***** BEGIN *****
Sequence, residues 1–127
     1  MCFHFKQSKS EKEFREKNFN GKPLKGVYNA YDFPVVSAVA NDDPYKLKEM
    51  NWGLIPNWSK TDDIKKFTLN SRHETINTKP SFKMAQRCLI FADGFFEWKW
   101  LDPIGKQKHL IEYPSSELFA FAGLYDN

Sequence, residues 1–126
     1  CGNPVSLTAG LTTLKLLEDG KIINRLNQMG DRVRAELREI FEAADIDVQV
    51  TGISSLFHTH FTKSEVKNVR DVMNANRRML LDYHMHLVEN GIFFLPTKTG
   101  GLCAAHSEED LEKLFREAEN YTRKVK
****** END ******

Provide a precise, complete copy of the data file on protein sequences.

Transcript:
Sequence, residues 1–127
     1  MCFHFKQSKS EKEFREKNFN GKPLKGVYNA YDFPVVSAVA NDDPYKLKEM
    51  NWGLIPNWSK TDDIKKFTLN SRHETINTKP SFKMAQRCLI FADGFFEWKW
   101  LDPIGKQKHL IEYPSSELFA FAGLYDN

Sequence, residues 1–126
     1  CGNPVSLTAG LTTLKLLEDG KIINRLNQMG DRVRAELREI FEAADIDVQV
    51  TGISSLFHTH FTKSEVKNVR DVMNANRRML LDYHMHLVEN GIFFLPTKTG
   101  GLCAAHSEED LEKLFREAEN YTRKVK